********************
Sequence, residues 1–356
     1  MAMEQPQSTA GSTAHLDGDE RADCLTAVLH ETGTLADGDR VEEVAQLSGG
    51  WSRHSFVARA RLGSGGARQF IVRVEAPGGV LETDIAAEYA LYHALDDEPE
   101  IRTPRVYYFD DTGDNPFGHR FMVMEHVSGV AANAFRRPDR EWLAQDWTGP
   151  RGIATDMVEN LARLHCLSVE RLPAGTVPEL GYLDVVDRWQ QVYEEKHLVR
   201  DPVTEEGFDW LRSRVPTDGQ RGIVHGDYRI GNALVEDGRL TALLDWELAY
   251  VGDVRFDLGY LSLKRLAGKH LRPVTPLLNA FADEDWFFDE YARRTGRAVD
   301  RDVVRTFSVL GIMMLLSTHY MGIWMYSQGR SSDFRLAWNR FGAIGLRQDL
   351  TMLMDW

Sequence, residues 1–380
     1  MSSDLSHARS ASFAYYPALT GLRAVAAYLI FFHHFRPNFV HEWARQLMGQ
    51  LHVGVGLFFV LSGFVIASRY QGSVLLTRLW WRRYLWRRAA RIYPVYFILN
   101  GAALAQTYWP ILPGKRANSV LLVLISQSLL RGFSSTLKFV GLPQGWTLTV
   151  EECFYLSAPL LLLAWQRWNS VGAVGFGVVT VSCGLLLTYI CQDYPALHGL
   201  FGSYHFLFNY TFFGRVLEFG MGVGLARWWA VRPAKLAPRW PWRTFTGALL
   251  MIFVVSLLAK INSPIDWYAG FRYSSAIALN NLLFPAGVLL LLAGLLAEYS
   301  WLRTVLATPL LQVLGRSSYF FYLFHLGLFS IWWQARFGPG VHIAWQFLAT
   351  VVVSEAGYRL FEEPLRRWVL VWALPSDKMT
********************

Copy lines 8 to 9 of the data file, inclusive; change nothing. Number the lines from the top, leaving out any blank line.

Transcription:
   301  RDVVRTFSVL GIMMLLSTHY MGIWMYSQGR SSDFRLAWNR FGAIGLRQDL
   351  TMLMDW